Using Linux may make you a geek--stereotypically speaking, at least--but it could also mean you have a great shot at landing a job (or getting a better one). That's according to a survey out this week that has produced some startling findings concerning demand for Linux IT talent--such as that salary for Linux admins is growing nearly twice as fast as compensation pan-industry. For rewards like that, I'd happily embrace geekiness in all its glory.

Admittedly, since the survey was produced by the Linux Foundation in partnership with Dice, its sponsors were not a purely objective party. But assuming they operated properly and professionally--and there's no reason to think they did not--they uncovered information that bodes very well for the professional prospects of IT staff with expertise in Linux. Among their findings:
  • 93 percent of hiring managers surveyed expect to fill a Linux position in the next six months, up from 89 percent a year ago.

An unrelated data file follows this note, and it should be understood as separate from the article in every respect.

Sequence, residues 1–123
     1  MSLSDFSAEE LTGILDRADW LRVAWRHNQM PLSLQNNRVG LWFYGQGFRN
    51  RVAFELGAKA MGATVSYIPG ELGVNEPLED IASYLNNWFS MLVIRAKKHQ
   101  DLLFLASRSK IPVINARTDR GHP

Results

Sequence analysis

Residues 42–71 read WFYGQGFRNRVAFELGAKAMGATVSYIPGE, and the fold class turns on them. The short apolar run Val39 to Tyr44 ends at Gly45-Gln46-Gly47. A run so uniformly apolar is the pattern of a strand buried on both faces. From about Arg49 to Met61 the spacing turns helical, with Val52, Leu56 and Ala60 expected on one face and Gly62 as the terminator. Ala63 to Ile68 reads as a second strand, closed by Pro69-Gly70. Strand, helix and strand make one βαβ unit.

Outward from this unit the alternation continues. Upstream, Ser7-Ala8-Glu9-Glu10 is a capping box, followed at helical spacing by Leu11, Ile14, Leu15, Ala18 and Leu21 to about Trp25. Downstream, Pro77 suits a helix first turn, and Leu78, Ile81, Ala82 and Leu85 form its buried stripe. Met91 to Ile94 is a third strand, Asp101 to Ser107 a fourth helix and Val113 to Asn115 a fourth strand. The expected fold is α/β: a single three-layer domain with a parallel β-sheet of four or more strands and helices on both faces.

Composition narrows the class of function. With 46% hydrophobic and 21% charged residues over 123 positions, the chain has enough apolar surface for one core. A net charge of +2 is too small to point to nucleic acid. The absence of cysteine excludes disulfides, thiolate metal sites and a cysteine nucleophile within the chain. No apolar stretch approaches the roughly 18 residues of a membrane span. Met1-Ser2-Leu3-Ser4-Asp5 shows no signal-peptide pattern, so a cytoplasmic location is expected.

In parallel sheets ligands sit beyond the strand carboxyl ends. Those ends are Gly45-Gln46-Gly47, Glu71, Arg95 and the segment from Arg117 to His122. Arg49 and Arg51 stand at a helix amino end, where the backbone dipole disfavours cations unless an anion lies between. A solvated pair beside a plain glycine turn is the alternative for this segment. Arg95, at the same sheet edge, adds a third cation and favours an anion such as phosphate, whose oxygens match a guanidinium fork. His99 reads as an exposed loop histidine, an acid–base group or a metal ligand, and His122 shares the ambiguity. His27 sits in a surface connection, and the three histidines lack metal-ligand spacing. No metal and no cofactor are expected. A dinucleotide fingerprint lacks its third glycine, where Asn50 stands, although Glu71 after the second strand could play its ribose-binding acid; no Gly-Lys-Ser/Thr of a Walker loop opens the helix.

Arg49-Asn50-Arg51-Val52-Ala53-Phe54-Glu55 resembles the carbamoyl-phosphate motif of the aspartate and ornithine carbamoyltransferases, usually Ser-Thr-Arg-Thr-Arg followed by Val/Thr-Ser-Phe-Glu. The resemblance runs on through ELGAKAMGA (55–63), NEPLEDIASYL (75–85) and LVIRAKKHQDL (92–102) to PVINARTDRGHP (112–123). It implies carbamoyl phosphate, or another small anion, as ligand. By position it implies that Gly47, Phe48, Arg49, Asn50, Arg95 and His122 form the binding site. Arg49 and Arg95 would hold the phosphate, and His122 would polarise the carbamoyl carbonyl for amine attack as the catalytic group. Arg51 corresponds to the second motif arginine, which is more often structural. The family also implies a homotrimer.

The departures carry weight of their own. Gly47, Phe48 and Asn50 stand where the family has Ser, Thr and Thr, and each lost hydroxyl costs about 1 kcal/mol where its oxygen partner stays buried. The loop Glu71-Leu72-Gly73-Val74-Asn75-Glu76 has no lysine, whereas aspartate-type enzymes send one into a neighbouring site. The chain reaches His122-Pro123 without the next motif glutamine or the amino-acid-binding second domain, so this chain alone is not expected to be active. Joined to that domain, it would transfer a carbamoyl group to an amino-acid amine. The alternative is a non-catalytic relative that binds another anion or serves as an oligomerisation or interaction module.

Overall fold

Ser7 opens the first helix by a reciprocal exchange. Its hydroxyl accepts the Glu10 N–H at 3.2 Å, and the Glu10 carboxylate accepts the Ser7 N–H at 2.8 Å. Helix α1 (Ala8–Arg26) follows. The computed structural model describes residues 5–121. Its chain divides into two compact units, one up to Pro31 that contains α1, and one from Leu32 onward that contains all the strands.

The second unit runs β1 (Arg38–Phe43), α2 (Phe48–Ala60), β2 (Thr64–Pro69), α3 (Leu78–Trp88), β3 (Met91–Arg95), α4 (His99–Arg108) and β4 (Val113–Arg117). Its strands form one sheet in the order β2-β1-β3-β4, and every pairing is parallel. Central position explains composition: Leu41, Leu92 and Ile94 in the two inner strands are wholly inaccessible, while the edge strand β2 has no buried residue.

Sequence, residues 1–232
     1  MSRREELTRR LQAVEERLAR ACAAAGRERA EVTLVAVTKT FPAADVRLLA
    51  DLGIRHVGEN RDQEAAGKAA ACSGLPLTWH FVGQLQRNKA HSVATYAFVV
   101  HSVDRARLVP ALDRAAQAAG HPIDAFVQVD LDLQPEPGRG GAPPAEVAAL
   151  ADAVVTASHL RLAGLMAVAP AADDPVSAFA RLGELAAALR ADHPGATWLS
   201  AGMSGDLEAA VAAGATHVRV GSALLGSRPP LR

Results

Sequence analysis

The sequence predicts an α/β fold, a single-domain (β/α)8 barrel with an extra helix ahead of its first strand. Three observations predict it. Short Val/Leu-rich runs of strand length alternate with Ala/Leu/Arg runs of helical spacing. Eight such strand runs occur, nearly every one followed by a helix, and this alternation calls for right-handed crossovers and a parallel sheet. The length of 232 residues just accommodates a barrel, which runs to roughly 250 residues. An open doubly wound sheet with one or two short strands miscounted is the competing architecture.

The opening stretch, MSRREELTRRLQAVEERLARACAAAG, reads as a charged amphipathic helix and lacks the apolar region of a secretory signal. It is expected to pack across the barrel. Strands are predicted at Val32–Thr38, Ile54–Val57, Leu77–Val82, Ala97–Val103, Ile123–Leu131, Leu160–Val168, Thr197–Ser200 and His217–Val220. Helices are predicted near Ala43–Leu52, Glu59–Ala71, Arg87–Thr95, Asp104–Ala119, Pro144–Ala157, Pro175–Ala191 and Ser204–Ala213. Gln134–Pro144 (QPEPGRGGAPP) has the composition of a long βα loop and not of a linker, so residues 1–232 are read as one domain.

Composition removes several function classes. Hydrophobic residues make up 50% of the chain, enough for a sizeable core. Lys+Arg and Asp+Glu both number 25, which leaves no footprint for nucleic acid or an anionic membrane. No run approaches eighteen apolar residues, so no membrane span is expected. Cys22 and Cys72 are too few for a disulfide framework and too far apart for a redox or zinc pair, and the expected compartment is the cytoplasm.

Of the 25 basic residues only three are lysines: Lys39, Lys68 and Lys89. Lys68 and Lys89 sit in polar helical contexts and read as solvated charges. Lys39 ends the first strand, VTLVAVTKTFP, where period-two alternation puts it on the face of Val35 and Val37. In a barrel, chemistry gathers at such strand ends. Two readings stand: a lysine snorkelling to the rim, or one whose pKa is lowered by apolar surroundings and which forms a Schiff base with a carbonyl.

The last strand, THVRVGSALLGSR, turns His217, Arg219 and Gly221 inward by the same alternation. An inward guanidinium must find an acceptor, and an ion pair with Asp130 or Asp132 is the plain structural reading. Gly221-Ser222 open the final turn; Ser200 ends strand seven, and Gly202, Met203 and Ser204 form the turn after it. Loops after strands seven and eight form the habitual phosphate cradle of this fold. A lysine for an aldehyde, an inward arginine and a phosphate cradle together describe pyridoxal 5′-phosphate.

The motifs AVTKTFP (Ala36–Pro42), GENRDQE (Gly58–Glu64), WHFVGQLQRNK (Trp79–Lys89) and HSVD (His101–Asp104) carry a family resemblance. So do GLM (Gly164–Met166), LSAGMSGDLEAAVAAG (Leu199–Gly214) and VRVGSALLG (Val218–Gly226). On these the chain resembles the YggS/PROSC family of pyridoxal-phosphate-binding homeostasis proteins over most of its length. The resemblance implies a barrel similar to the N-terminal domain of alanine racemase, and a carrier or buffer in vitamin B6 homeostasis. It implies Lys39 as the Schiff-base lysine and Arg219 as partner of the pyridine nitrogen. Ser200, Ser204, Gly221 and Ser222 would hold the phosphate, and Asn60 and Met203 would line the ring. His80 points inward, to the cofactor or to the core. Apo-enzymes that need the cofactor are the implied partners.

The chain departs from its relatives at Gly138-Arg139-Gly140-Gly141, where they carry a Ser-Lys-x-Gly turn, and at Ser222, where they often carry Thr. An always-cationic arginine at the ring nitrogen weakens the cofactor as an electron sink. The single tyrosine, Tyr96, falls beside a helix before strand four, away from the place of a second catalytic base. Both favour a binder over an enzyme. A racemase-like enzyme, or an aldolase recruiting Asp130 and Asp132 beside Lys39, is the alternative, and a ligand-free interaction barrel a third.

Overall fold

• 90 percent of respondents said it was "somewhat difficult" or "very difficult" to find IT professionals with solid Linux experience.
  • The average salary for Linux professionals is $90,853, compared to $85,619 for IT professionals in general--and, as noted above, compensation for the Linux crowd is growing nearly twice as fast.
  • Companies are more willing to extend perks such as telecommuting options and flexible work schedules to attract Linux talent.
Also notable in the report was particularly strong demand for Linux system administrators, even more than for Linux-oriented developers. That may reflect a growing need for talent to run cloud computing and Big Data infrastructure, the authors suggested.

To me, that finding also implies that the most in-demand skills among Linux professionals are some of the hardest for personnel without traditional Linux or Unix experience to acquire. Most developers with experience programming for Windows can learn easily enough to write for Linux, since many of the languages are the same, and those that aren't are rarely difficult to pick up. But Windows and Linux are much more different beasts when it comes to system administration, so someone with years of experience managing Microsoft desktops and servers will need to invest a lot more time to become an expert in Linux administration. That's good news for those who already have Linux skills.

The survey results were based on information provided by hiring managers and Linux professionals at about 850 organizations, ranging in size from large enterprises to SMBs and in type from businesses to government agencies, located across the globe. They're available online from the Linux Foundation.